My dog licked a mothball is probably one of the most disturbing things you can say as a pet owner. As pet owners, we never want our canines to be in contact with poisons, and mothballs just happened to be one of the more common household poisons that can make any animal (and even humans) ill. Today’s blog post will focus on the relationship between mothballs and dogs.
Are Dogs Attracted to Mothballs?
Do dogs like mothballs? Yes, dogs are known for sniffing, licking, and eventually eating mothballs. It is dogs’ nature to consume things that smell or taste different, and common household chemicals are no exception to this rule. Between cats and dogs, cats are the most susceptible to the effects of naphthalene balls, but dogs are also at risk, especially if they consume the mothballs. Long-term exposure to naphthalene also poses health risks to pets and other small animals.
Are Moths Harmful to Dogs?
The ingestion of mothballs is incredibly problematic to any animal because it typically contains pesticides. The pesticide is inedible and has been known to wreck organs and poison the blood of animals. You wouldn’t ingest bug spray, so why would you allow your dog to ingest mothballs, which are essentially solidified insecticides?
The ingestion of mothballs can cause a variety of health problems. Among the known problems are liver damage, kidney damage, anemia, lethargy, nausea, and vomiting. These are all extremely dangerous symptoms that, if left unchecked, can cause a pet to succumb to the side effects of ingesting naphthalene balls.
As we have discussed earlier, mothballs are essentially pesticides that work by slowly releasing a vapor or gas to ward off pests. The vapor is designed to weaken moths and kill them if they linger too long in the proximity of mothballs. Mothballs are also known for repelling gnats and roaches precisely because this solid product is made of pesticides. Unfortunately, mothballs are not recommended for households that want to keep their surroundings 100% safe for pets. Any pet can accidentally ingest mothballs given the opportunity, so the safest recourse is not to have them at home. However, if you need mothballs because your clothes need to be preserved, they need to be placed in sealed boxes and kept far away from any animals in the house. Newer mothball products now have PDF instead of the usual naphthalene because naphthalene is known to be toxic and easy to flare into the fire. Does this change make mothballs less poisonous? No. The newer mothballs are still equally toxic to animals, and there is always a risk if they are placed in open locations to discourage insects from forming lines, for instance.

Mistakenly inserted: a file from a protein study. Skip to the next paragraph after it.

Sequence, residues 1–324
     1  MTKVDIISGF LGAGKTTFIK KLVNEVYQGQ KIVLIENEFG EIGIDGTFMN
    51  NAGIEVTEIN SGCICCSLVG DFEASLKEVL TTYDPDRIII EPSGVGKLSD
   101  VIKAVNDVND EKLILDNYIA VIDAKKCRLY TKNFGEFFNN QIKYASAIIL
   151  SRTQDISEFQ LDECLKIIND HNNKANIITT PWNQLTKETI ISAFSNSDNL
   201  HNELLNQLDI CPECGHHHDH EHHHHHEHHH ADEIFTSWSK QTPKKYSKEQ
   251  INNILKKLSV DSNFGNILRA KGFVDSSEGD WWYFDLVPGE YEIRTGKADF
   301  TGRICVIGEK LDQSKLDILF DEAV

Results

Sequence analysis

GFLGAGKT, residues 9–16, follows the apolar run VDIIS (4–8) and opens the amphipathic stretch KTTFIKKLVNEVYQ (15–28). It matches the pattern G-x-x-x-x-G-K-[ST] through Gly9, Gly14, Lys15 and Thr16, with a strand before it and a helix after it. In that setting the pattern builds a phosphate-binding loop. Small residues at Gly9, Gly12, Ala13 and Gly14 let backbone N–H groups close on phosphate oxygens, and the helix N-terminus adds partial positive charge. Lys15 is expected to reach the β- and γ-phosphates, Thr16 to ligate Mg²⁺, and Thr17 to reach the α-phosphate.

The newer mothballs are known for causing nervous tremors, even in big dogs. Your dog will show signs of muscular fatigue and tremors, and there will be a lot of nausea and vomiting, too. The only way to save a dog that has ingested mothballs is veterinary treatment. Treat all potential cases of poisoning as if it is the most severe case of poisoning ever. If possible, bring your pet to the vet ASAP – don’t waste a moment in getting your dog to the proper treatment.
Some pet owners try to induce vomiting the moment they see their dogs eat something poisonous. It is common, but does it make the practice right? Not really. Inducing vomiting should be done only with professional supervision, and some substances will cause double or triple the damage to your dog if vomited. For example, in the case of acidic substances, regurgitation can cause the poison to strip the sensitive lining of the dog’s throat and the inner lining of the mouth. There is a proper recourse for each type of poisoning, and your vet would know.
Are mothballs toxic to breathe?
Mothballs are toxic to all animals. In general, cats are more likely to suffer from respiratory distress from breathing in the off gassing of mothballs, while canines are at a higher risk category to ingest them. We can’t say that they ingest mothballs accidentally because dogs can seek out mothballs even when they are hidden and eat them. They do this because dogs are ruled by their noses and their sense of taste, and they experience the world differently. Different smells and tastes can trigger the desire to smell and eat something to find out what it is. Fur parents need to know that their dogs don’t have prior knowledge of what is poisonous and what is not. Therefore, there has to be an additional effort in making sure that these common household poisons are sealed and packed far away from dogs and other animals. Doing this will save you from many heartaches because nothing could be worse than having a pet treated for poisoning.
Is it safe to have mothballs in the house?
You don’t have to limit yourself when buying common household cleaning agents and maintenance supplies like mothballs if you have dogs at home. However, there must be a change in how you keep these products at home. You can’t leave them lying around the floor or some other low surface where animals can easily reach them. Furthermore, you have to put potentially poisonous items in sealed containers that animals will be unable to open. If you are buying classic or old-fashioned naphthalene balls, know that these are the most toxic of them all, and the ingestion of these mothballs can cause toxicity and severe symptoms in a short period.
How Long Do Mothballs Last Outside?
Average mothballs can last up to six weeks outside the sealed packaging. If the garment containers are not exposed to air, then the mothballs may last even longer. Reduced exposure to the environment preserves mothballs.
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